different declensions

Whodunit

Senior Member
Deutschland ~ Deutsch/Sächsisch
Nazdar lité, :)

I'm learning Czech with help of this site. I really like the tables, however there's a little problem. When I look at Dative Singular of "pán", I can see "pánovi" and "pánu", so I'm not sure, which word is correct. Is it maybe dialect, slang, etc.?

The same goes for "mužovi/muži", "koňům/koním", "člověkovi/člověku", "ideami/idejemi", "noh/nohou", "Goethovi/Goethu", and many more. I just chose some words in which the pronunciation would be relatively different.

Děkuji za Vaši pomoc. :)
 
  • Jana337

    Senior Member
    čeština
    Ehm... All of them are correct (neither slangy or dated). I randomly tried to say several sentences with the words you listed. The -ovi declension tends to sound a bit more colloquial but I was not always consistent. Let me think about it, I will get back to you. :)

    Jana

    P.S. At least something now:
    When pan is followed by a proper name, the shorter declension is used for "pan" and the longer for the name itself.
    Mluvili jsme o tom pánovi. (pánu would be stilted)
    Mluvili jsme o panu Novákovi.
    Mluvili jsme o panu Nováku. :cross:
    Mluvili jsme o pánovi Novákovi. :cross: (but many people would actually say it)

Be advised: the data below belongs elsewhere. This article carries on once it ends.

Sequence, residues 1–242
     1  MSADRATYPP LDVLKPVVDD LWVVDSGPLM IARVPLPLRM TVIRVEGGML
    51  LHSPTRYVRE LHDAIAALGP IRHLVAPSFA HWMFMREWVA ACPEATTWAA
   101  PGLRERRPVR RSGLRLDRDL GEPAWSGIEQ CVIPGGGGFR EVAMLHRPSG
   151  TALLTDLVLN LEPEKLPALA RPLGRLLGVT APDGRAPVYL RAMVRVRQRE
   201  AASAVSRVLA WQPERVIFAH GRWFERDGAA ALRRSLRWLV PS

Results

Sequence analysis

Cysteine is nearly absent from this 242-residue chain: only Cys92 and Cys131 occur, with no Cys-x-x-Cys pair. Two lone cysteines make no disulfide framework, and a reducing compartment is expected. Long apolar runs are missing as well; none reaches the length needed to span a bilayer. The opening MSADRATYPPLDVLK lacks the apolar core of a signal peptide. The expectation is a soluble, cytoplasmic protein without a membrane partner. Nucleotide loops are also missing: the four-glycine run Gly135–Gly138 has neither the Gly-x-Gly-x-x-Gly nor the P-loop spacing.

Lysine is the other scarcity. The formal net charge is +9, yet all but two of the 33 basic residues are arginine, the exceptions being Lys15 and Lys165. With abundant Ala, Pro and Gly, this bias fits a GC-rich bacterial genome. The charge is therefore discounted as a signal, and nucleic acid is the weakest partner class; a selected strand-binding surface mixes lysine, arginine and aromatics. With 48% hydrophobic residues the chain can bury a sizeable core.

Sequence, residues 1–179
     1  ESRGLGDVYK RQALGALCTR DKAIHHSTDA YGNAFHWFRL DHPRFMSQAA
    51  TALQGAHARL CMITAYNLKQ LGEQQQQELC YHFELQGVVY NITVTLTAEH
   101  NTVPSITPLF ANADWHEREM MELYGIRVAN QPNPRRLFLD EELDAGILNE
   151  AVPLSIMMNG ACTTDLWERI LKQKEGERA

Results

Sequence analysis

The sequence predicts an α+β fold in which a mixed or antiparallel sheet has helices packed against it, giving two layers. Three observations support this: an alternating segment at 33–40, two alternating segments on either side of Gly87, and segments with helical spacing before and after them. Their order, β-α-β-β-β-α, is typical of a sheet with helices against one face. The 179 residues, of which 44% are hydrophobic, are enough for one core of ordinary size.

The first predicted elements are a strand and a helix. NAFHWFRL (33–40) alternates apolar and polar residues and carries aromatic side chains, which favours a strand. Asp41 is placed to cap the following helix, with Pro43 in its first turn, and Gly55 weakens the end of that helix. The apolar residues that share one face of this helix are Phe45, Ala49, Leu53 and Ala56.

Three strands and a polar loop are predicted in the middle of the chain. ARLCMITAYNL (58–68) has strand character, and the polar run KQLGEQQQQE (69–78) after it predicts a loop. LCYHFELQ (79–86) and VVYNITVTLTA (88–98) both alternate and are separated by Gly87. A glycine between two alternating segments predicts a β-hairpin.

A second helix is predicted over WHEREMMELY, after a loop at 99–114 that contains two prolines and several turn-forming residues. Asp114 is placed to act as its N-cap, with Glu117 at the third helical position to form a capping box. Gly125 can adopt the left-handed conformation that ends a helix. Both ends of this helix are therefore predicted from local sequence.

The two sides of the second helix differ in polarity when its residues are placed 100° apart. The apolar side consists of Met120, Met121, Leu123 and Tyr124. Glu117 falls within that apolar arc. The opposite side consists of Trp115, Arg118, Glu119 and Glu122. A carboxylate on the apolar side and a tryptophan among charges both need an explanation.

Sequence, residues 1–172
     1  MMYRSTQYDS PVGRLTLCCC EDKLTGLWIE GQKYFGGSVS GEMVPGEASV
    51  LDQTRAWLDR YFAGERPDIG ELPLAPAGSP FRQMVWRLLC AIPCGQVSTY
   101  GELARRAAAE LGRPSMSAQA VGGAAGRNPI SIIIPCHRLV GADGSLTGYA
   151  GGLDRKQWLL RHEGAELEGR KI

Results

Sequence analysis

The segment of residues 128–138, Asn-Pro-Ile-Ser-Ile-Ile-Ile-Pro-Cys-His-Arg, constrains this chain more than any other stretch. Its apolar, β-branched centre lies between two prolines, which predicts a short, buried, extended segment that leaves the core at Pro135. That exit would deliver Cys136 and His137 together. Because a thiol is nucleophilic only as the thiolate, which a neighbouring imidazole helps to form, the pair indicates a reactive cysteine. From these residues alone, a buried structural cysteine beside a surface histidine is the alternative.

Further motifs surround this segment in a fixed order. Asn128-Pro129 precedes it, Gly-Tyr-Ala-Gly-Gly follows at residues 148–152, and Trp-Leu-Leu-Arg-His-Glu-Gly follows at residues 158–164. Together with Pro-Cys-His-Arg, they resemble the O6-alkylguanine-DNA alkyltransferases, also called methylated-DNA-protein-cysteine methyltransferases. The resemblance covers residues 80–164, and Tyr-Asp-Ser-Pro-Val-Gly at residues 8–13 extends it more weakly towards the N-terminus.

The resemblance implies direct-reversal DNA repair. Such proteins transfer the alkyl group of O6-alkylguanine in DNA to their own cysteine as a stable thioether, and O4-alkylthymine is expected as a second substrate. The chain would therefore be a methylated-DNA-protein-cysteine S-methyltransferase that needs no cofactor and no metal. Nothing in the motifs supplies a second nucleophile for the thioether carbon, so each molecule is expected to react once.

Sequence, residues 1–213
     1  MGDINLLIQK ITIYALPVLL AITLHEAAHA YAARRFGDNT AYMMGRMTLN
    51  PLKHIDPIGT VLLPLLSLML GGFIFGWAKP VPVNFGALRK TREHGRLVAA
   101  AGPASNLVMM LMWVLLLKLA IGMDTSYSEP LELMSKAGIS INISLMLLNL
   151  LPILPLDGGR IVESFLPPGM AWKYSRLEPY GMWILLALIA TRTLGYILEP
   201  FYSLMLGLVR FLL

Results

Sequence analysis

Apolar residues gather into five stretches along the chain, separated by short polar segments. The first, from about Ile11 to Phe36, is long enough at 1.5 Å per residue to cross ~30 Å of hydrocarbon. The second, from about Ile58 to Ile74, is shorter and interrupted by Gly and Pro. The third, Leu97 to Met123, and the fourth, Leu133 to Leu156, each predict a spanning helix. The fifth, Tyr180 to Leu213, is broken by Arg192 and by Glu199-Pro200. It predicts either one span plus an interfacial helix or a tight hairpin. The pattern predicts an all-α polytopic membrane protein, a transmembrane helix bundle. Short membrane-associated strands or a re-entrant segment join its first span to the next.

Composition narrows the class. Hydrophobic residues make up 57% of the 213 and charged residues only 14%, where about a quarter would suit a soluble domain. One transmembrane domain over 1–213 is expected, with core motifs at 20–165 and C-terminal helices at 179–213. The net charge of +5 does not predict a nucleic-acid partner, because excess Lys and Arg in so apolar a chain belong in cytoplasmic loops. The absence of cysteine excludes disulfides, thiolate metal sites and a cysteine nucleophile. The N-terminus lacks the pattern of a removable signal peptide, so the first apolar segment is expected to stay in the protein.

P.P.S. Ein süßer Tippfehler: Nazdar lité lidé. Lité - gegossen (neutr.). :)
     

    Tekeli-li! Tekeli-li!

    Member
    Czech | Czech Republic
    Jana's tip can be generalized: If there's a string of masculines where you can choose between -u and -ovi, you ought to use -u for all but the last one.

    E.g. Václav -> Václavovi, Václav Havel -> Václavu Havlovi, pan Václav Havel -> panu Václavu Havlovi, etc.

    I'd also like to post more, but I don't have much time for the internet now, so I'll gladly leave this to Jana and others. :)
     

    Whodunit

    Senior Member
    Deutschland ~ Deutsch/Sächsisch
    Jana337 said:
    Ehm... All of them are correct (neither slangy or dated). I randomly tried to say several sentences with the words you listed. The -ovi declension tends to sound a bit more colloquial but I was not always consistent. Let me think about it, I will get back to you. :)
    I'm glad this topic isn't closed for you yet. It still sounds a bit weird to me beginner. :)

    P.S. At least something now:
    When pan is followed by a proper name, the shorter declension is used for "pan" and the longer for the name itself.
    This I understand. But now you make me ask another question: Why did you use "pan" and the grammar tables "pán"? My dictionary indicates that both are correct. Does this belong here, by the way?

    Mluvili jsme o tom pánovi. (pánu would be stilted)
    Mluvili jsme o panu Novákovi.
    Mluvili jsme o panu Nováku. :cross:
    Mluvili jsme o pánovi Novákovi. :cross: (but many people would actually say it)
    Hm, so you want to say that the last two declensions are grammatically totally wrong? :)

    P.P.S. Ein süßer Tippfehler: Nazdar lité lidé. Lité - gegossen (neutr.). :)
    :eek: Děkuji, Jano, že označeš toho jako sladký. :)
     

    Jana337

    Senior Member
    čeština
    Whodunit said:
    I'm glad this topic isn't closed for you yet. It still sounds a bit weird to me beginner. :)
    After thinking about it for a while, I must say that it is next to impossible to offer reliable guidance. As I said previously, both parts of each pair are correct.